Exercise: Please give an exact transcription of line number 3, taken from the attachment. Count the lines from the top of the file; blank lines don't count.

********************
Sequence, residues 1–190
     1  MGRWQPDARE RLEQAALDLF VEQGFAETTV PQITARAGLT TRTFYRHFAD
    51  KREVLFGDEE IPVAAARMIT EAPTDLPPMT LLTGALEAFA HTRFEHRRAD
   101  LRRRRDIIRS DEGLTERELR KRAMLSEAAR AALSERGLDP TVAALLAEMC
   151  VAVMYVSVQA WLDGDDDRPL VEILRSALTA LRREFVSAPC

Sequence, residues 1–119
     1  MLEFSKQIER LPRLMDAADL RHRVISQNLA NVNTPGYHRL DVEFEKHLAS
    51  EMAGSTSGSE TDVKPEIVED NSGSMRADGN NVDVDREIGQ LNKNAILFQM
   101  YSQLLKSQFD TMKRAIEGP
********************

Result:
    51  KREVLFGDEE IPVAAARMIT EAPTDLPPMT LLTGALEAFA HTRFEHRRAD